Family Applications (1)

Application Number Title Priority Date Filing Date
US08956379 Expired - Lifetime US6004578A (en) 1996-10-24 1997-10-23 Permeation enhances for transdermal drug delivery compositions, devices and methods

Country Status (8)

Country Link
US (1) US6004578A (en)
JP (1) JP2001502693A (en)
CA (1) CA2264687C (en)
DE (2) DE69718037T2 (en)
DK (1) DK0934078T3 (en)
EP (1) EP0934078B1 (en)
ES (1) ES2191834T3 (en)
WO (1) WO1998017315A3 (en)

Cited By (67)

* Cited by examiner, † Cited by third party
Publication number Priority date Publication date Assignee Title
US20020119187A1 (en) * 2000-09-29 2002-08-29 Cantor Adam S. Composition for the transdermal delivery of fentanyl
US6486207B2 (en) * 1998-12-10 2002-11-26 Nexmed (Holdings), Inc. Compositions and methods for amelioration of human female sexual dysfunction
US6521613B2 (en) 2001-04-10 2003-02-18 Allergan, Inc. Lactam compounds for penetration enhancement
US20030129241A1 (en) * 1998-12-10 2003-07-10 Nexmed (Holdings), Inc. Compositions and methods for amelioration of human female sexual dysfunction
US20040013716A1 (en) * 2002-04-23 2004-01-22 Gale Robert M. Transdermal analgesic systems with reduced abuse potential
US20040033253A1 (en) * 2002-02-19 2004-02-19 Ihor Shevchuk Acyl opioid antagonists
US20040043171A1 (en) * 2002-08-30 2004-03-04 Audett Jay Douglas Multilaminate backing construction
US20040126323A1 (en) * 2002-08-20 2004-07-01 Ihor Shevchuk Transdermal dosage form comprising an active agent and a salt and free-base form of an adverse agent
US20040166147A1 (en) * 2002-12-13 2004-08-26 Schering-Plough Healthcare Products, Inc. Dermal, transdermal, mucosal or transmucosal ingredient delivery devices
US20040202708A1 (en) * 2003-04-14 2004-10-14 3M Innovative Properties Company Transdermal drug delivery device with translucent inorganic barrier layer
US20040213832A1 (en) * 2001-03-16 2004-10-28 Venkatraman Subramanian S Transdermal administration of fentanyl and analogs thereof
US20040219198A1 (en) * 2003-05-01 2004-11-04 3M Innovative Properties Company Transdermal drug delivery device with multilayer backing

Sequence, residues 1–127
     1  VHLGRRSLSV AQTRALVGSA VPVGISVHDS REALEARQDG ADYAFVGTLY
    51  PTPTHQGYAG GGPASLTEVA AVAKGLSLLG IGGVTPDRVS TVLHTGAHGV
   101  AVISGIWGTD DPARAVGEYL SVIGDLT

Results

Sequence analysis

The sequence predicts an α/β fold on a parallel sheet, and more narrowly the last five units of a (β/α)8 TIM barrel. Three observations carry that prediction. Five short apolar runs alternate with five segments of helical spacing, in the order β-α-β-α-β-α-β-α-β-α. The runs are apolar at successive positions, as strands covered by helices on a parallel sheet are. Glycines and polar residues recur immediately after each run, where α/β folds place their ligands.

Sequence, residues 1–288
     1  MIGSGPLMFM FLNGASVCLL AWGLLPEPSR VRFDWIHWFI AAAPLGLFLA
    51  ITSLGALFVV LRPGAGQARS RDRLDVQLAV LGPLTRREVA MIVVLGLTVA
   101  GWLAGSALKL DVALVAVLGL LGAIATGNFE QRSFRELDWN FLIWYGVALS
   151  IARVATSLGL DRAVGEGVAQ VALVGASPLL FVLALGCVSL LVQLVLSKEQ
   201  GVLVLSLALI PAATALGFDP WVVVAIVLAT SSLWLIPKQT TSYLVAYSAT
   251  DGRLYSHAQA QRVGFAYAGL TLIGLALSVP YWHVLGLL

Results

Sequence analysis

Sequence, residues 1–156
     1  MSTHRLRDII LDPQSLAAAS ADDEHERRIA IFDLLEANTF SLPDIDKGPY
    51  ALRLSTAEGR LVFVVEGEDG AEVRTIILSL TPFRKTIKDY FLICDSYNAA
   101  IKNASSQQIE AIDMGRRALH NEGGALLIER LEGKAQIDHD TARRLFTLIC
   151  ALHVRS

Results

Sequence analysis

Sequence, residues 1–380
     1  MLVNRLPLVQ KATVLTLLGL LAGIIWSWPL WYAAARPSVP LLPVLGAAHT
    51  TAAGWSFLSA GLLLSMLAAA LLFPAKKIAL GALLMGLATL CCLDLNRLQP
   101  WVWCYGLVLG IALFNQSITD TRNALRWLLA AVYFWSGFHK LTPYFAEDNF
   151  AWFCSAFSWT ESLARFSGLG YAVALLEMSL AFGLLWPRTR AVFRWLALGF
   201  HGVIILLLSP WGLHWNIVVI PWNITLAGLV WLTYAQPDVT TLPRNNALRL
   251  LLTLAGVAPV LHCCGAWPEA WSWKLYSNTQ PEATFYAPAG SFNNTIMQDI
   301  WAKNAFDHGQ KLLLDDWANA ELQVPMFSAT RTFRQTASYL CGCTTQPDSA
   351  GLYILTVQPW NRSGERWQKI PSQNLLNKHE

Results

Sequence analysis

US20050031678A1 (en) * 2000-10-23 2005-02-10 Euro-Celtique S.A Terazosin transdermal device & methods
US20050095279A1 (en) * 2003-10-30 2005-05-05 Gale Robert M. Transdermal analgesic systems having reduced abuse potential
US20050208117A1 (en) * 2001-03-16 2005-09-22 Venkatraman Subramanian S Transdermal administration of fentanyl and analogs thereof
US20050260252A1 (en) * 2002-10-31 2005-11-24 Galit Levin Transdermal delivery system for anti-emetic medication
US20050287217A1 (en) * 2002-10-31 2005-12-29 Galit Levin Transdermal delivery system for water insoluble drugs
US20060024237A1 (en) * 2001-09-21 2006-02-02 Leonard Mackles Dri nasal sprays
US20060216350A1 (en) * 2005-03-24 2006-09-28 Dow Gordon J Ganglionic blocking agents for the treatment of epithelial diseases
US20060257462A1 (en) * 2005-05-13 2006-11-16 Jansen Rolf R Multilayer drug delivery system with barrier against reservoir material flow
US20070082038A1 (en) * 2005-09-23 2007-04-12 Gale Robert M Transdermal nicotine salt delivery system
US20070087055A1 (en) * 2005-10-14 2007-04-19 David Jan Directly compressible extended release alprazolam formulation
US20070098771A1 (en) * 2005-09-23 2007-05-03 Jay Audett High enhancer-loading polyacrylate formulation for transdermal applications
US20070104771A1 (en) * 2005-09-23 2007-05-10 Jay Audett Transdermal galantamine delivery system
US20070134310A1 (en) * 2005-09-23 2007-06-14 Nedberge Diane E Transdermal risperidone delivery system
US20070191320A1 (en) * 1998-12-10 2007-08-16 Nexmed Holdings, Inc. Methods of treatment for female sexual arousal disorder
US20070269522A1 (en) * 2004-08-20 2007-11-22 Wold Chad R Transdermal Drug Delivery Device with Translucent Protective Film
US20070278289A1 (en) * 2006-05-31 2007-12-06 Toshiba Tec Kabushiki Kaisha Payment adjusting apparatus and program therefor
US20080020028A1 (en) * 2003-08-20 2008-01-24 Euro-Celtique S.A. Transdermal dosage form comprising an active agent and a salt and a free-base form of an adverse agent
US7323191B2 (en) 2003-07-28 2008-01-29 Alza Corporation Transdermal warfarin system
US20080202675A1 (en) * 2005-06-10 2008-08-28 Sever John M Method for Handling Adhesive Laminate Sections
US20080274168A1 (en) * 2002-06-10 2008-11-06 Baker Carl J Transdermal delivery device disposal system
US20090018274A1 (en) * 2004-10-19 2009-01-15 Dong-Wei Zhu Method for the manufacture of pressure sensitive adhesives
US20090018190A1 (en) * 2000-04-26 2009-01-15 Ebert Charles D Compositions and Methods for Transdermal Oxybutynin Therapy
US20090258061A1 (en) * 2007-10-15 2009-10-15 Johnson & Johnson Once-a-day replacement transdermal administration of fentanyl